YA-An interesting study of Shakespeare's comedies, tragedies, romances, and poems for readers with a good understanding of the Bard's work. Each play is given a brief, insightful analysis, which provides a fresh look at familiar characters and themes. For example, Charney explores the problematic definition of "tragedy" as it applies to Romeo and Juliet, and the effect of the play's climax on the teens. The poetry section does not laboriously debate the identities of the Dark Lady and the Friend in the sonnets, but emphasizes recurring images and dramatic devices. An excellent resource for serious students.
Pat McSwain, R.E. Lee High School, Springfield, VA
Copyright 1994 Reed Business Information, Inc. --This text refers to the Hardcover edition.
This commentary on all of Shakespeare's plays and poems, arranged according to genre, is "designed as a series of minilectures" for the undergraduate student and general reader. Concerned mostly with Shakespeare as a poet and dramatist rather than as a Renaissance thinker, Charney (Rutgers Univ.) aims for accessibility, avoiding footnotes and bibliographies. He does not discuss all relevant topics but pursues a few of them thoroughly, which makes his book a useful supplement to the standard introductions available in most editions of the plays. One of the book's most pleasing aspects is the way Charney makes fresh and unexpected connections between the different plays, often by highlighting some less well known passages. This adds weight to his belief that Shakespeare's works "really do constitute a single comprehensive imaginative unit."-- Bryan Aubrey, Fairfield, Ia.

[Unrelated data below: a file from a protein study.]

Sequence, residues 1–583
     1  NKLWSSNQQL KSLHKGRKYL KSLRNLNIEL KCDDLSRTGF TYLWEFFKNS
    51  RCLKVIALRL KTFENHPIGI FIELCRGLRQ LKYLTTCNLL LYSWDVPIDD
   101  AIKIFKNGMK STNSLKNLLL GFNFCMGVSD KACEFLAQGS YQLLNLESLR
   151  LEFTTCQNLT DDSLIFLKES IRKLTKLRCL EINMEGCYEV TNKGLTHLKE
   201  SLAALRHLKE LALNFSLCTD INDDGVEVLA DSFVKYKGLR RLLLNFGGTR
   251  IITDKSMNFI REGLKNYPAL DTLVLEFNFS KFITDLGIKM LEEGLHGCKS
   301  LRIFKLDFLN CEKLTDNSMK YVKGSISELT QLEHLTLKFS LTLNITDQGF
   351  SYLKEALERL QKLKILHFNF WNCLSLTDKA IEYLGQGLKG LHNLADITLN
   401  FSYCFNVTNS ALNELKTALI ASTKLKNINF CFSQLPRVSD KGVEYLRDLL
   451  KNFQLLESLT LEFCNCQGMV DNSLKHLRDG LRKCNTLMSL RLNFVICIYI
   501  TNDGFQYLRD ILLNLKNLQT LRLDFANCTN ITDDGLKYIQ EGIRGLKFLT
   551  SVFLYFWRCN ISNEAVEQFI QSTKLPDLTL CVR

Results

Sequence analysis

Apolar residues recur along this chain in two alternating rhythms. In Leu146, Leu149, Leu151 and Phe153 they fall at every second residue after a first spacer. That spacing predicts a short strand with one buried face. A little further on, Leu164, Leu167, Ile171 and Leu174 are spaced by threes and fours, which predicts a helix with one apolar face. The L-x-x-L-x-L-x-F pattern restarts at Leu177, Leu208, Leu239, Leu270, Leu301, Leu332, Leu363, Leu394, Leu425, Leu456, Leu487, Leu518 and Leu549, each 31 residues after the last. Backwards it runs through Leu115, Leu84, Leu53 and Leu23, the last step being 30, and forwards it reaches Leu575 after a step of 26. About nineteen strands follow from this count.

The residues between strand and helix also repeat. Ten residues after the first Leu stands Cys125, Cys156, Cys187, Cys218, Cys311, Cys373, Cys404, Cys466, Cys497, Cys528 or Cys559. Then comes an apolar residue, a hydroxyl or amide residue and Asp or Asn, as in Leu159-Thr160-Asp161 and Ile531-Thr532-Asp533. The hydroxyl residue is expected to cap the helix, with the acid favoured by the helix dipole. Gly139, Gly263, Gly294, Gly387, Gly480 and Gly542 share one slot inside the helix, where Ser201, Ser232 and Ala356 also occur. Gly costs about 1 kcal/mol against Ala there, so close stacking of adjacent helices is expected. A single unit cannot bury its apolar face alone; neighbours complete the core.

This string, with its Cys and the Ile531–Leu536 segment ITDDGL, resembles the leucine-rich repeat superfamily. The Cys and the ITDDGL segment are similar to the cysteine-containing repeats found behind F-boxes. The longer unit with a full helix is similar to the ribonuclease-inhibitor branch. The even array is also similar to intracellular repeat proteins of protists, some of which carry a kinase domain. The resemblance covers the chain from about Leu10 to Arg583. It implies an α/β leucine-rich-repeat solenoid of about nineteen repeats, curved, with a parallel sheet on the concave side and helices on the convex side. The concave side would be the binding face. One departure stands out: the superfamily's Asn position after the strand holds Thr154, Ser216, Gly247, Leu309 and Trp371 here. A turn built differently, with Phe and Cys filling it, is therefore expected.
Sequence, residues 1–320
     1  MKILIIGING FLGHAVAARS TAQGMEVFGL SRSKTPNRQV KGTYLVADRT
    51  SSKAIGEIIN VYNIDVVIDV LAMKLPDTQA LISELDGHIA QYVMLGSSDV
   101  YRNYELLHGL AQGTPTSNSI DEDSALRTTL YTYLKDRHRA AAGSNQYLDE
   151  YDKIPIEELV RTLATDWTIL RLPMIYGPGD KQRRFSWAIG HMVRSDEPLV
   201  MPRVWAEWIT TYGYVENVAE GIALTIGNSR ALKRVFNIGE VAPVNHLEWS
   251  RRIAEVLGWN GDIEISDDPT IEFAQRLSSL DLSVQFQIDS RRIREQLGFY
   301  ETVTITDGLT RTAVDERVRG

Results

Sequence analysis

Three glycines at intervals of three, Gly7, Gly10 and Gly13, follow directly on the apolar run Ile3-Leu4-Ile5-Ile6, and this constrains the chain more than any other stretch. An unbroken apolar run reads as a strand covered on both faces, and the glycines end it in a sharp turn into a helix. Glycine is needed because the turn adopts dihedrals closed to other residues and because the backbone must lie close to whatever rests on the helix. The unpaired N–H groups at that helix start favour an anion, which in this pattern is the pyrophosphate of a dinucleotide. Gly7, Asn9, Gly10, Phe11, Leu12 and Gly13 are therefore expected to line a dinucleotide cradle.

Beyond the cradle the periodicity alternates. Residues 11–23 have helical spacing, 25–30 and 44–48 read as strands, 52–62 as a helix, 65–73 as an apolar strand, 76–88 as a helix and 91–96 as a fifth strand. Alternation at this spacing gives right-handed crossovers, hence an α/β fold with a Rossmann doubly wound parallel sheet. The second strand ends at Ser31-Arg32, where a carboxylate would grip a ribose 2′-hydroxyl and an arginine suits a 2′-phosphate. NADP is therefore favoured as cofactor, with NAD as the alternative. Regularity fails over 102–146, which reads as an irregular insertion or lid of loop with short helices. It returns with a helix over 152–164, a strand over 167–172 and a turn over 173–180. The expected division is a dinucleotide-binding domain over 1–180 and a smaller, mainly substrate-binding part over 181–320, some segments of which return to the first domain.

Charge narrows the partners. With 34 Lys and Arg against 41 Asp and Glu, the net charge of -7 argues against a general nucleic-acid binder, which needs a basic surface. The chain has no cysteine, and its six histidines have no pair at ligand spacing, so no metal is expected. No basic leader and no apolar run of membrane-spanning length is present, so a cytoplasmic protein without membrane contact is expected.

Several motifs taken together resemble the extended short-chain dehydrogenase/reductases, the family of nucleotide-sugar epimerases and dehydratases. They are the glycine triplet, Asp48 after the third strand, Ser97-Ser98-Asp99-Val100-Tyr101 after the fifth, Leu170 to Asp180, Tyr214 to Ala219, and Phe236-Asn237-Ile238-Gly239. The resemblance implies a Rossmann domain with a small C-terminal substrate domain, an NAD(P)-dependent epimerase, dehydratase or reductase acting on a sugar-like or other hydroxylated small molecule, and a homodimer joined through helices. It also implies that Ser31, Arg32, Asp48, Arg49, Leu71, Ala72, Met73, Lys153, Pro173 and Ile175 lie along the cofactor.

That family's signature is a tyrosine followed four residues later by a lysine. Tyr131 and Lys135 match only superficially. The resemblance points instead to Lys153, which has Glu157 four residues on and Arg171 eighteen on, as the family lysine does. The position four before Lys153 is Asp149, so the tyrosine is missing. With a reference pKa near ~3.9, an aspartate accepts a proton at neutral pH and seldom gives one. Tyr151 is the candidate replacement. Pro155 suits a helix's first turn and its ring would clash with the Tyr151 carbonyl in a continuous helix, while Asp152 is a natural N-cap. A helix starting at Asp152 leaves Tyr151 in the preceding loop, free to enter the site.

Copyright 1993 Reed Business Information, Inc. --This text refers to the Hardcover edition.